Wednesday, June 29, 2011

Young Adult Fiction

Question: How low can it go?

Answer/Quote: “How dark is contemporary fiction for teens? Darker than when you were a child, my dear: So dark that kidnapping and pederasty and incest and brutal beatings are now just part of the run of things in novels directed, broadly speaking, at children from the ages of 12 to 18.

“Pathologies that went undescribed in print 40 years ago, that were still only sparingly outlined a generation ago, are now spelled out in stomach-clenching detail. Profanity that would get a song or movie branded with a parental warning is, in young-adult novels, so commonplace that most reviewers do not even remark upon it.”

Comment: The trend has been in this dark direction for many years. It reflects experience that is hell. The do-gooders toss it off as, “They know it isn’t real.” But is it to teen-agers? Does this depiction of reality extend to impressionable children’s acting on it? This article is written by someone who loves literature, children’s literature. And it provides evidence that maybe the censors should act on. And the author loves children’s literature.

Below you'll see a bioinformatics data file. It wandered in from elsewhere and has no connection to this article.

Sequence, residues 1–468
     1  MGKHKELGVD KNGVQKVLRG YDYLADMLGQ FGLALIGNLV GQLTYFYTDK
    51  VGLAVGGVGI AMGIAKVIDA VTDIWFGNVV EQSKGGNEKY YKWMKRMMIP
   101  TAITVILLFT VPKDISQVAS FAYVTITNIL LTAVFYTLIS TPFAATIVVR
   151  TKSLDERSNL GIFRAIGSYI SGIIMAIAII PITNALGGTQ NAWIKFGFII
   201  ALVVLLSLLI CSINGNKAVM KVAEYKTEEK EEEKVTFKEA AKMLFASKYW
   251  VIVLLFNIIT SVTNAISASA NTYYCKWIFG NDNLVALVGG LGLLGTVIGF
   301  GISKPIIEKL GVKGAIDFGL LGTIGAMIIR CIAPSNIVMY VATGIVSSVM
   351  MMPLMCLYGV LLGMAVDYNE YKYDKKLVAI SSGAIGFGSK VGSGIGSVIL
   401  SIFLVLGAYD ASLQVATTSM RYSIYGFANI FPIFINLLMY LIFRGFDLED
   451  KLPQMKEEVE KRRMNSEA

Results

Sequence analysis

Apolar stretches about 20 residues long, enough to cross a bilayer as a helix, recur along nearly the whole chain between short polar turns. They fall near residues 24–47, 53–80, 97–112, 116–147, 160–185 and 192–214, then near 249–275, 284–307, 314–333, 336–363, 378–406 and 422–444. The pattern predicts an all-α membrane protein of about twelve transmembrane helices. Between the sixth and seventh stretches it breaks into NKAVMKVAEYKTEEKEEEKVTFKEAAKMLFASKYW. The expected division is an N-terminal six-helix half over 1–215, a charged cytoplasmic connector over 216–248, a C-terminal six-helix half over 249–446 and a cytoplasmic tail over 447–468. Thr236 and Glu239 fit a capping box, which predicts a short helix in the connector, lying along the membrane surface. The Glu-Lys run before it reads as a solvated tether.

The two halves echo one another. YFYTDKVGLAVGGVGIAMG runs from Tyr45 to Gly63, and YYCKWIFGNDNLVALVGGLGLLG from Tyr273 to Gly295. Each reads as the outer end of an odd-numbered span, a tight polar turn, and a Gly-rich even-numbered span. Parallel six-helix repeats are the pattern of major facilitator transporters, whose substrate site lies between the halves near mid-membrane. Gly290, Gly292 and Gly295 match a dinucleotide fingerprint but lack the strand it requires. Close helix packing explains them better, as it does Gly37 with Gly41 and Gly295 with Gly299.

The author does append some interesting fiction that can be recommended. I think. RayS.

Title: “Darkness Too Visible.” Contemporary Fiction for Teens Is Rife with Explicit Abuse, Violence and Depravity. Why Is This Considered A Good Idea? Meghan Cox Gurdon. Wall Street Journal (June 4, 2011), Internet.

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